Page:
"Gnosis (from one of the Greek words for knowledge γνῶσις) is the spiritual knowledge of a saint or  mystically enlightened human being. Within the cultures of the term's provenance (Byzantine and Hellenic) Gnosis was a knowledge or insight into the infinite, divine and uncreated in all rather than knowledge strictly into the finite, natural or material world. Gnosis is a transcendental as well as mature understanding. "  Wikipedia
I've been thinking a great deal about what Jung termed "Shadow".  I believe this  saying from the Gospel of Thomas  is significant to an understanding of this concept.  I carried it about as an encouragement to be an artist, to affirm deeply the life-affirming creative impulse. But one does not have to be a professional artist to "bring forth that which is within".  It is interesting that in his book THE GOSPEL OF THOMAS:  The Gnostic Wisdom of Jesus***, Jean-Yves Leloup refers often, in his translation of the parables of Jeshua,  to the "divine seed - in other words, the creative code", implying a fundamental creative source and/or creative destiny at the root of all spiritual growth.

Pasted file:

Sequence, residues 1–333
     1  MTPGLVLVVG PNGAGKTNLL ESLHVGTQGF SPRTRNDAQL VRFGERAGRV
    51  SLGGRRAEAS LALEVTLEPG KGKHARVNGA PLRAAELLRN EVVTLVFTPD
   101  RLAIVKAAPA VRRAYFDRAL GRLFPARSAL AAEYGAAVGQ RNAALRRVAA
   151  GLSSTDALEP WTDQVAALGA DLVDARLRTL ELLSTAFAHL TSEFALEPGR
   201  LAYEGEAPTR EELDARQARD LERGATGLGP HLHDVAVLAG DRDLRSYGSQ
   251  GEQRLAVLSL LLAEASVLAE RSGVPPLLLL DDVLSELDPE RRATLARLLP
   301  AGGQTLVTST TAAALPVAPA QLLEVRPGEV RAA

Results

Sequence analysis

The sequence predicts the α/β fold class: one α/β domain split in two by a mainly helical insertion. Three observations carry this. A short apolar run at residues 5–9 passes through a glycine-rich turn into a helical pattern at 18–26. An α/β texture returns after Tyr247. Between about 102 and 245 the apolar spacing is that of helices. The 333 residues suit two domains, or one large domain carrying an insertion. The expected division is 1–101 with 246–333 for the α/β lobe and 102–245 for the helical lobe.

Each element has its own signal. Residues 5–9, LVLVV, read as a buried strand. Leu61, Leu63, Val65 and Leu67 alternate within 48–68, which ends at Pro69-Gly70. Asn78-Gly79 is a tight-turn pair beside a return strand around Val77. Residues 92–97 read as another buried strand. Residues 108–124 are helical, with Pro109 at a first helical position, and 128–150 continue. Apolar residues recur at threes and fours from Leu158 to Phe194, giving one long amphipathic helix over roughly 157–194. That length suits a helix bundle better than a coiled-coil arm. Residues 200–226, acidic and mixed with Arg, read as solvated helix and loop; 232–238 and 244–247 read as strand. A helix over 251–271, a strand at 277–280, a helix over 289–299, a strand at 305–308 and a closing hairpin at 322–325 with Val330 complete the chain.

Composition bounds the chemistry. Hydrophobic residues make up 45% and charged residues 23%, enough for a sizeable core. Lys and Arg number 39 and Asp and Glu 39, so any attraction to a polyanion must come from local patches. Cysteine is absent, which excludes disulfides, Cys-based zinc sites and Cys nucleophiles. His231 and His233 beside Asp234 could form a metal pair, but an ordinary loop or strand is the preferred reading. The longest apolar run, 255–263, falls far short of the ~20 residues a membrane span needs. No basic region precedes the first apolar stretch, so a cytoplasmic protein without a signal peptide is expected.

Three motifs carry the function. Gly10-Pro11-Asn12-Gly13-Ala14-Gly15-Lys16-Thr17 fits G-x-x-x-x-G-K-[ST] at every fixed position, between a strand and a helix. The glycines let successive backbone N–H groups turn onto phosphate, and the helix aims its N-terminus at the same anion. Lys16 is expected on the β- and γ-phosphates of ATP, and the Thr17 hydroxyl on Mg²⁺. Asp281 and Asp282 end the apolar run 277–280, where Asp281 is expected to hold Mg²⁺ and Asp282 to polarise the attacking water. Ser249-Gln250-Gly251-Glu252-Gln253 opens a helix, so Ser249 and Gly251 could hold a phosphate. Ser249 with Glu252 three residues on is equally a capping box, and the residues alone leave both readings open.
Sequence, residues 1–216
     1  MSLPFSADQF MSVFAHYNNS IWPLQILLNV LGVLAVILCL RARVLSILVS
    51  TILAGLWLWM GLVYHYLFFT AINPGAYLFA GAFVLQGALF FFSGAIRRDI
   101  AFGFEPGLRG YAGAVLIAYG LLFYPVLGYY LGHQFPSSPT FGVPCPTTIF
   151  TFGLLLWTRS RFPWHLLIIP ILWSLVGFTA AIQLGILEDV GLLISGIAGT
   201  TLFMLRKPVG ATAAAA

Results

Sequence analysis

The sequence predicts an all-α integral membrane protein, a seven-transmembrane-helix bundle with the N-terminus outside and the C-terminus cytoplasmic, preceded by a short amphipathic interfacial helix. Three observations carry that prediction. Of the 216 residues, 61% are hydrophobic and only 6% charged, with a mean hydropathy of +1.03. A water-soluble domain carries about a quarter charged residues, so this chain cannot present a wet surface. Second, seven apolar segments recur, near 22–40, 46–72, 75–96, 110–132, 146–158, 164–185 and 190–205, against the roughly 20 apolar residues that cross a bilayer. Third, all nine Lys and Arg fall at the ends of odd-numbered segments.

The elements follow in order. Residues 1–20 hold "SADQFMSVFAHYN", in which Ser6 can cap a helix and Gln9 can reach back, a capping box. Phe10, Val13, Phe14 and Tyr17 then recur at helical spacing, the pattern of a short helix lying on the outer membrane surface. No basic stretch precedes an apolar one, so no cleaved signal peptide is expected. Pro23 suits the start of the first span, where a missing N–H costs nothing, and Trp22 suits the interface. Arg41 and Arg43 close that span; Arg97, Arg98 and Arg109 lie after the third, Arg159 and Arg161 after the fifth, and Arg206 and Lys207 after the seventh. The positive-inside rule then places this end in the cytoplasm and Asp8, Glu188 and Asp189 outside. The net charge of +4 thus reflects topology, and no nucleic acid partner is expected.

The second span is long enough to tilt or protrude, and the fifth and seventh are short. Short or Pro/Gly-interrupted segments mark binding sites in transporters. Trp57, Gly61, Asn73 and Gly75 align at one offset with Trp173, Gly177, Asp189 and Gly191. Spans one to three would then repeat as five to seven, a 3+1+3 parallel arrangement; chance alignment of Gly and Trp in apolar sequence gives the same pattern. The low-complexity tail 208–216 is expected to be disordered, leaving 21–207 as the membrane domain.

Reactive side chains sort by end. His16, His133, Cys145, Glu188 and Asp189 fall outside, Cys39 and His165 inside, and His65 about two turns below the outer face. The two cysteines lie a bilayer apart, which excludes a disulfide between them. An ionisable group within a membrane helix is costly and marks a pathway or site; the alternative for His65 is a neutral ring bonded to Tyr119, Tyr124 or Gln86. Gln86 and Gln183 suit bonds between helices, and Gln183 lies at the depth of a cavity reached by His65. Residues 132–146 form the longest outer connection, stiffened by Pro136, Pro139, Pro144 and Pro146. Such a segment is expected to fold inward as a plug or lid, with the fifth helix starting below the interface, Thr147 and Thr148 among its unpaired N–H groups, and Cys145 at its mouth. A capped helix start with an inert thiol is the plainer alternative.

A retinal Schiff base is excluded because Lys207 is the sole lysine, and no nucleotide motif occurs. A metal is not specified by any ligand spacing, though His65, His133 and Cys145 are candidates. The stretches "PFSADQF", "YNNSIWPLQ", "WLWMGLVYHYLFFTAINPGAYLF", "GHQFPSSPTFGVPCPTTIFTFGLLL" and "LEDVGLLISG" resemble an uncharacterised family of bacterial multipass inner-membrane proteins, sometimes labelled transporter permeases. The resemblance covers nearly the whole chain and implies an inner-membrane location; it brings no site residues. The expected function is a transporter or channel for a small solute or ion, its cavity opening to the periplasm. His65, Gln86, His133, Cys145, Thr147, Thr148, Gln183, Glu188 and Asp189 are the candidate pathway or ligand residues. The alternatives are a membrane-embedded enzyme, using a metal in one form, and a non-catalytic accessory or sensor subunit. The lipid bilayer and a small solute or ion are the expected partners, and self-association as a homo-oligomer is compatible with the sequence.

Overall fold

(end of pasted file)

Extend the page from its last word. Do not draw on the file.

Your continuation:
"If you bring forth what is within you, what you bring forth will save you."
 
We are all creative, in fact, the need to create may be our most profound human drive, right up there with sex and reproduction (which, if you think about it, is all about creation as well).  We come into the world with this energy, this drive, some even say we each come into the world with a creative destiny, a "soul purpose".  We are channels and depositories of creative energy, and through expression of creative energy we are affirmed, healed, we learn, we connect with the world and each other, and we're inspired.  It's the life force.  An individual's unique integrity, personal truth, is also deeply connected to the creative force.